There are a few exceptions to the index number tyranny. First, the index number, to a large degree doesn't mean all that much to the top five schools. I'm not by any means trying to imply that someone with a low index number has shot at them, they most certainly don't, I'm just saying that most of the people who apply to Harvard or Yale have a 3.9GPA and a LSAT north of 170. By necessity, they have to develop a different criteria. The other big exception is race. If you are a minority, especially if you are African-American, you get to add a special "bonus" multiplier to your index number. The particular bonus varies from school to school, but generally, as an African-American you can apply with a significantly lower number. Again, we can have a big debate about affirmative action, but it won't change the fundamental truth of what I'm saying. Good or bad, right or wrong, minorities get an admissions bonus. There is also an exception for people who have done truly amazing things (Written best sellers, cured cancer, whatever). By definition, these types of acts are "exceptional" and very few of you will possess these credentials. If you do, you know who you are and nothing more needs to be said about that. Being student body president while simultaneously being captain of the football team is rare, but certainly not exceptional. There are no points awarded in the US NEWS rankings for the amount of "rare" students you have admitted, hence nobody cares.

In conclusion, determine your index number and apply to schools accordingly. As a general rule of thumb, remember the 50% principle. For your application to be considered a good investment, make sure that your LSAT/GPA numbers are around the 50th percentile for the school which you are applying to. If your GPA is at the 25th percentile, your LSAT has to be at the 75th, and vice versa. If you are unhappy with where this leaves you, retake your LSAT and score higher (assuming that your GPA is already pretty much set in stone.) DO NOT send out 7 or 8 applications only to find out that you should have taken this advice. This is exactly what happened to me. I scored lower then I hoped on my LSAT, but I felt like I had a great story and background, so I decided to apply to my first choice schools anyway. That was an $800 mistake. I decided to retake the LSAT and I scored 8 points higher. I went from 5 rejection leaders to being accepted to my first choice, early acceptance. INDEX NUMBER! My life story didn't change, I didn't add too many extracurriculars, nor did I change my GPA. The only thing that changed was my LSAT score and index number and that caused me to go from a "deny" to an early acceptance "admit." Learn from my costly mistakes. You are not a special snowflake. No one cares about your stirring tale of redemption and overcoming. They only care about one thing- INDEX NUMBER! Anyone who says anything different is either misinformed, lying, or living in a world as they wish it to be, not as it is. Don't let that cost you time and money. Plan your applications accordingly....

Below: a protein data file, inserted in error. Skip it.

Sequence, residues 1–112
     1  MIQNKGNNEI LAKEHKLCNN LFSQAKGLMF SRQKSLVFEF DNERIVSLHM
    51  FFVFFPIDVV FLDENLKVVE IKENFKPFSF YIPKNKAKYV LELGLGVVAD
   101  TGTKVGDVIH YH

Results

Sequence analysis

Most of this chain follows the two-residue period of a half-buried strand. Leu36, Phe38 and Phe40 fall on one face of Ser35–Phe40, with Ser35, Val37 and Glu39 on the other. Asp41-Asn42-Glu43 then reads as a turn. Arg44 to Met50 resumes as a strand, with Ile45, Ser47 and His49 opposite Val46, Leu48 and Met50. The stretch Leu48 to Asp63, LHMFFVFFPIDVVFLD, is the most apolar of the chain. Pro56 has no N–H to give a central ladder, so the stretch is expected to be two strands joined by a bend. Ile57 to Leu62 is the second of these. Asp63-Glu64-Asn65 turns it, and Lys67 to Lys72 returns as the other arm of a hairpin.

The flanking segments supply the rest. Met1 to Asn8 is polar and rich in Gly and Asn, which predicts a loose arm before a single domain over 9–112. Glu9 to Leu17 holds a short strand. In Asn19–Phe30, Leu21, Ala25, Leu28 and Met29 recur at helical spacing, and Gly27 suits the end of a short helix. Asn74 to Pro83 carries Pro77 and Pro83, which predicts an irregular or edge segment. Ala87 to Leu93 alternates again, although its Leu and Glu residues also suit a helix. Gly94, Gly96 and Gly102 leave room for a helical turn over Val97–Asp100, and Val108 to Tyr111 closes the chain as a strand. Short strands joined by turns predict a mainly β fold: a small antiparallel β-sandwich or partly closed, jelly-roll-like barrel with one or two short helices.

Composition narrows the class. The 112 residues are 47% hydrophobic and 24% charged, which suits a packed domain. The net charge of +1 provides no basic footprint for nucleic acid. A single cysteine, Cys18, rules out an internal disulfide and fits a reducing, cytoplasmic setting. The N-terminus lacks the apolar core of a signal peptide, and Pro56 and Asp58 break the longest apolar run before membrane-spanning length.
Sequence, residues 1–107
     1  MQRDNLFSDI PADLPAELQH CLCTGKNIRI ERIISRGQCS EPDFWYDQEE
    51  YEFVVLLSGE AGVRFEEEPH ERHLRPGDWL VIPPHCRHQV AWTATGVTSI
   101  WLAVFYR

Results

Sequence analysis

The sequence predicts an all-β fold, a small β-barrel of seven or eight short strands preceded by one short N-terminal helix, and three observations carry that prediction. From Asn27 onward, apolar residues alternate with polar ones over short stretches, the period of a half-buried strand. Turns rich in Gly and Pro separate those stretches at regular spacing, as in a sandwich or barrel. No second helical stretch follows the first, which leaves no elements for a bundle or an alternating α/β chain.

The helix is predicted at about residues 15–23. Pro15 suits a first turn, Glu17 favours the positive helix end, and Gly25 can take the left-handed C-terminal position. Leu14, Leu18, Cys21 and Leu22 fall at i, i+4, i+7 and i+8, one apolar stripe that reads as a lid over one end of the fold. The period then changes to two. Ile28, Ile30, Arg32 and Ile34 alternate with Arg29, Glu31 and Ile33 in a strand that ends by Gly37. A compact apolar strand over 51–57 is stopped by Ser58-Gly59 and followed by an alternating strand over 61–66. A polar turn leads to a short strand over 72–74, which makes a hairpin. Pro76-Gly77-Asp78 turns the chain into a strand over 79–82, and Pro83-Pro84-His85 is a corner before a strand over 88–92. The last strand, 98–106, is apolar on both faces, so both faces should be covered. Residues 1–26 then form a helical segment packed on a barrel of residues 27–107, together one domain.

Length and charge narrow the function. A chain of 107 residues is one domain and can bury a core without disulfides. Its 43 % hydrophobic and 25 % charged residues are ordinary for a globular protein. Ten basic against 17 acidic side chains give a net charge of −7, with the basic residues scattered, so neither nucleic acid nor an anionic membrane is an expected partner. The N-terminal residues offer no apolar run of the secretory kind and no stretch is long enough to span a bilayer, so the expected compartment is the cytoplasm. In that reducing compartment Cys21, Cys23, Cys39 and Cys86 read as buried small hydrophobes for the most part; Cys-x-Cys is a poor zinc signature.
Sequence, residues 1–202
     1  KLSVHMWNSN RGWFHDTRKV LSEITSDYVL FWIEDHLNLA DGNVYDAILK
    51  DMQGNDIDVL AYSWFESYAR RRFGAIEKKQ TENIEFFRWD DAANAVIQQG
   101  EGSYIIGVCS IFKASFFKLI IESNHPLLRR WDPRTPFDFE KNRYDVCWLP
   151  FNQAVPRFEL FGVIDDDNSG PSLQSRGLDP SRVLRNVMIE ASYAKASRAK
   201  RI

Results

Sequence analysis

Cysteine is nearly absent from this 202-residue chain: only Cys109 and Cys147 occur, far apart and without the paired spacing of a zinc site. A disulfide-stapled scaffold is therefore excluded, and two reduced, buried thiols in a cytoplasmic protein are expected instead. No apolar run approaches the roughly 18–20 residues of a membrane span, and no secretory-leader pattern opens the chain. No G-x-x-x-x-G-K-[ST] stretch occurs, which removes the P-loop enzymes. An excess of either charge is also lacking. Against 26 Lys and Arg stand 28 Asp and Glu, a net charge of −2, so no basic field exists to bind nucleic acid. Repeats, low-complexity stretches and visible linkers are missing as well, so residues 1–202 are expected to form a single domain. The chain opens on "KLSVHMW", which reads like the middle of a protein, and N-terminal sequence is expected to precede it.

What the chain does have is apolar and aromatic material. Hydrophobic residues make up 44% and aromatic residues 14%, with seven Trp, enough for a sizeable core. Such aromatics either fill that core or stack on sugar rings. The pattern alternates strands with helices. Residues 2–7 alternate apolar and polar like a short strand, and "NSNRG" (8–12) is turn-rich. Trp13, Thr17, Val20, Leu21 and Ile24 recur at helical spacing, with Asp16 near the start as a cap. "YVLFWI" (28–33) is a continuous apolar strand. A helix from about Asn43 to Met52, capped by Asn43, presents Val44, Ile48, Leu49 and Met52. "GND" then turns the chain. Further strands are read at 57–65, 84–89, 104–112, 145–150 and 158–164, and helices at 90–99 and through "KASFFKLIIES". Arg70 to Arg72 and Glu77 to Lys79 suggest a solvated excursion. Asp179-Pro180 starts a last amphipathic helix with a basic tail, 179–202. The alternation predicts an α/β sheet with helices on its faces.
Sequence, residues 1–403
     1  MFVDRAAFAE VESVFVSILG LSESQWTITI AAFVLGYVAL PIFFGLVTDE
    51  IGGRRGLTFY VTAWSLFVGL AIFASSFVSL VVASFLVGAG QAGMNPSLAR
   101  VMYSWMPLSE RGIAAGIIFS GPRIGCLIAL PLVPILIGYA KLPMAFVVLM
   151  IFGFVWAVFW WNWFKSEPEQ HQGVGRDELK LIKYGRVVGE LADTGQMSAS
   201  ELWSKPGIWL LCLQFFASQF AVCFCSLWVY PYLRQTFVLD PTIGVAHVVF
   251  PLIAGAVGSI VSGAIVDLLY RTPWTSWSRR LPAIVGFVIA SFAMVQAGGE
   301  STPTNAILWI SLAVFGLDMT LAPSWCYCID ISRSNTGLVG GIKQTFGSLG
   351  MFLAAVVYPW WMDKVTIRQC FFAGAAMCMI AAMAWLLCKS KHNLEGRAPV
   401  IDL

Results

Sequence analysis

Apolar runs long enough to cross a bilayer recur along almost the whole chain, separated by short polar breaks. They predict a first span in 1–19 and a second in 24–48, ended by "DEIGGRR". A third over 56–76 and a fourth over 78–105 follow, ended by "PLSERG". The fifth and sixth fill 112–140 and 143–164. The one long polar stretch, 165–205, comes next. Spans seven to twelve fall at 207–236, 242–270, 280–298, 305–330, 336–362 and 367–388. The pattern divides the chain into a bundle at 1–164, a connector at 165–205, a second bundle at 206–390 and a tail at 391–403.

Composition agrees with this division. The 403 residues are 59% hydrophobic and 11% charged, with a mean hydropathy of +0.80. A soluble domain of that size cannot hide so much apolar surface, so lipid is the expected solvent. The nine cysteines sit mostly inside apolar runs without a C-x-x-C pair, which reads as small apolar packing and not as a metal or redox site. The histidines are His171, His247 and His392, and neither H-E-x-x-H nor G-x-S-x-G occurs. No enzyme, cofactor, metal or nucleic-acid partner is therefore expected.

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Re: The Truest Advice You'll Ever Hear

Postby Grizz » Wed Aug 04, 2010 12:55 am


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Re: The Truest Advice You'll Ever Hear

Postby vanwinkle » Wed Aug 04, 2010 12:59 am

Hahahaha, building a building with app fees. Harvard gets 9,000 applications a year, at $85 an app that's $765,000. That barely pays the salary of two of their top professors; or, to put it another way, it probably barely covers the costs of running the admissions department. Schools are not making immense profits off their app fees. Funny though. Slightly different take on the whole "there's one thing nobody knows about but I do" schtick.

Also, inflammatory post contains quite ridiculous AA stuff I don't want to see debated, so, thread lock.